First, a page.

Mr. Gordon Prentice: To ask the Secretary of State for Scotland how many advocates are QCs; and what percentage of the Scottish Bar this represents. [27833]

Mr. McLeish: 141 advocates are QCs, which represents 23 per cent. of the Scottish Bar.

9 Feb 1998 : Column: 23

Farm Incomes

Mr. Alan W. Williams: To ask the Secretary of State for Scotland if he will list the average net annual income for farmers in Scotland from 1989-90 to 1996-97. [28282]

Mr. Macdonald [holding answer 6 February 1998]: Results from the Annual Survey of Farm Accounts in Scotland, averaged across all farm types are set out in the table.

£ per farm
YearNet farm income
1989-9014,915
1990-9114,143
1991-9210,706
1992-9314,974
1993-9416,559
1994-9521,151
1995-9623,707
1996-9719,482

HOME DEPARTMENT

Prisoner Transfers

Mr. McNamara: To ask the Secretary of State for the Home Department how long each transfer of prisoners to the Republic of Ireland has so far taken to complete; if he will list the stages in the transfer operation for which he is responsible; and what targets he has set for each stage and for the total average transfer time. [27409]

Ms Quin: Since 1 November 1995, 26 prisoners have been repatriated from England and Wales to the Republic of Ireland. Each case took the following number of days respectively to complete: 379, 764, 203, 779, 379, 379, 412, 764, 807, 757, 794, 196, 185, 178, 179, 178, 178, 555, 612, 644, 425, 618, 331, 463, 79, 316.

Because each case is considered on its individual merits, and circumstances vary from case to case, it is not considered appropriate to set targets for the completion of individual stages in the repatriation process. As a second jurisdiction is also involved in the consideration of repatriation applications, it is similarly inappropriate to set a target for final completion.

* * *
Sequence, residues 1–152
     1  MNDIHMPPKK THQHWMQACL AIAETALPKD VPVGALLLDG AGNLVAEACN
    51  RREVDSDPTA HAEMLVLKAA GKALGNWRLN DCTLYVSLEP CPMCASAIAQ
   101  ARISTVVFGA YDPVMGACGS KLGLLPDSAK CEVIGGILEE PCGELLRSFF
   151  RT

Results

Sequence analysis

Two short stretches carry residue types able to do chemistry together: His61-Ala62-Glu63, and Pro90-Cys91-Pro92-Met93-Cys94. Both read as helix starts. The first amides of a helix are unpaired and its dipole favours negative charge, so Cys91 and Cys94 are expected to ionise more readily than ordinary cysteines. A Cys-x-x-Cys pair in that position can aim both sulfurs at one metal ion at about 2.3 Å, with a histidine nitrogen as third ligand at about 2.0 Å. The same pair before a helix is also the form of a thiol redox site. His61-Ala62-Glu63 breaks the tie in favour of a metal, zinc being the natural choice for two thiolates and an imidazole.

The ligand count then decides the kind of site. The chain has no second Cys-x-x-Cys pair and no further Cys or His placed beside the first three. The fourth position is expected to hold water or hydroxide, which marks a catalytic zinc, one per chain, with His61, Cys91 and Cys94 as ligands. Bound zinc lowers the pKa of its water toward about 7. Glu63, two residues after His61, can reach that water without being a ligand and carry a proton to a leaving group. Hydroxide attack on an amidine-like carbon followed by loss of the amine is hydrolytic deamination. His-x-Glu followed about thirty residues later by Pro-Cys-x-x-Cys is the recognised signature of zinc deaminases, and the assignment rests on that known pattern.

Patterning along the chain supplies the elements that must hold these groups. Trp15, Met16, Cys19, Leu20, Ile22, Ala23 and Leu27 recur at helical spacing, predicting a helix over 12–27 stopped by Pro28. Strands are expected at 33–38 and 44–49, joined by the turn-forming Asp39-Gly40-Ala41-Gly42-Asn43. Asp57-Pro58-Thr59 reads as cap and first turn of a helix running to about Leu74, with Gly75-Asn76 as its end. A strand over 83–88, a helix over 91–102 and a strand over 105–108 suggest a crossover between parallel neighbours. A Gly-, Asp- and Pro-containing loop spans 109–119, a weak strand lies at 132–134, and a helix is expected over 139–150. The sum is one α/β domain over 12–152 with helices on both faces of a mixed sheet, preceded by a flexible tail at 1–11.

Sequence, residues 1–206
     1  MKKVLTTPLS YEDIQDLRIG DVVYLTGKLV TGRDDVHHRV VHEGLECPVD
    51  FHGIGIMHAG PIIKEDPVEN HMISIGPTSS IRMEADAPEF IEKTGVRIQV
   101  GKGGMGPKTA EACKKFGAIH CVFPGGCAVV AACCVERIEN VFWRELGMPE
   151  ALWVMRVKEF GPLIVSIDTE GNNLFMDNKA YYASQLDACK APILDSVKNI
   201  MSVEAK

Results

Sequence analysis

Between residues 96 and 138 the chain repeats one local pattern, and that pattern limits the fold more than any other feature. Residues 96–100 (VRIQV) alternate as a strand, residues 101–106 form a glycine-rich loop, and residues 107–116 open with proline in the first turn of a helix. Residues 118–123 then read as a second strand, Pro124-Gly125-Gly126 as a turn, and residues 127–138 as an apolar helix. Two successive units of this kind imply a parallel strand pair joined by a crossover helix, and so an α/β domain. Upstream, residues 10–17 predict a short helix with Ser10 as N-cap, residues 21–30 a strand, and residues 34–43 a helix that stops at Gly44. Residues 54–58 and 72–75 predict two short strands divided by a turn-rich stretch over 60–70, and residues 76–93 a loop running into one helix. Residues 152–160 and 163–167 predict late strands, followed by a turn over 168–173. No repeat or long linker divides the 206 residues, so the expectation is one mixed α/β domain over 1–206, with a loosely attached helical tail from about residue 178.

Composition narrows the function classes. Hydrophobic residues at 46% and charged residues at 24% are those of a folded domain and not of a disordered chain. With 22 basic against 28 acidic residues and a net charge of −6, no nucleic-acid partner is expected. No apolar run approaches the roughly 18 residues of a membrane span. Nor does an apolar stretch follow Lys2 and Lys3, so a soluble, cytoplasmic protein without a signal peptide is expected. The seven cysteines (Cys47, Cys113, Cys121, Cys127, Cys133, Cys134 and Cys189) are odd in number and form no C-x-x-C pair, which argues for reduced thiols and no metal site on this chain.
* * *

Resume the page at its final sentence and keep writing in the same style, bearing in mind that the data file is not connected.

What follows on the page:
The United Kingdom authorities are initially responsible under the terms of the Council of Europe Convention on the Transfer of Sentenced Persons for obtaining and collating relevant documentation required in support of each repatriation application, and where a particular request appears to meet the requirements of the Convention, for referring it to the receiving jurisdiction.

If the other jurisdiction agrees to receive the prisoner, the United Kingdom is responsible for ensuring that the prisoner's sentence will continue to be enforced in the receiving jurisdiction, and for deciding whether to agree to the transfer. The United Kingdom is then responsible for providing the prisoner in writing with the details of the basis on which repatriation will take place, for obtaining the prisoner's written consent to repatriation, and for forwarding this to the receiving jurisdiction.

9 Feb 1998 : Column: 24

Mr. McNamara: To ask the Secretary of State for the Home Department how many applications for prisoner transfer to the Republic of Ireland have been withdrawn or resolved without a transfer. [27412]

Ms Quin: Fifty-three applications for repatriation to the Republic of Ireland submitted by prisoners in England and Wales have been withdrawn or resolved without a transfer.

Young Offenders Institutions

Mr. Clappison: To ask the Secretary of State for the Home Department, pursuant to his answer to the hon. Member for Castle Point (Mrs. Butler) of 22 January 1998, Official Report, columns 639-40, (1) if he will publish the available evaluation in respect of the relative effectiveness of the experimental regime at Colchester Young Offenders Institution against other initiatives; and with which initiatives the experimental regime at Colchester Young Offenders Institution has been compared; [26289]

Ms Quin: At 20 January 1998, 36 young offenders had completed their sentence at Colchester Young Offender Institution, and information to date indicates that, of those, one is known to have been reconvicted. The reconviction rates for Colchester and Thorn Cross will not be available for some time. Home Office statistics indicate that 73 per cent. of male young offenders (ages 17-20) who were discharged in 1993 were reconvicted within two years. The cost per place is based on dividing the running costs by the certified normal accommodation (CNA) for the establishment. The CNA for Colchester, Thorn Cross High Intensity Training and a typical Young Offender Institution are 32, 72 and 363 respectively.

It is our intention to publish the study of the experimental regime at Colchester Young Offender Institution carried out by the Institute of Criminology at the University of Cambridge when it is complete.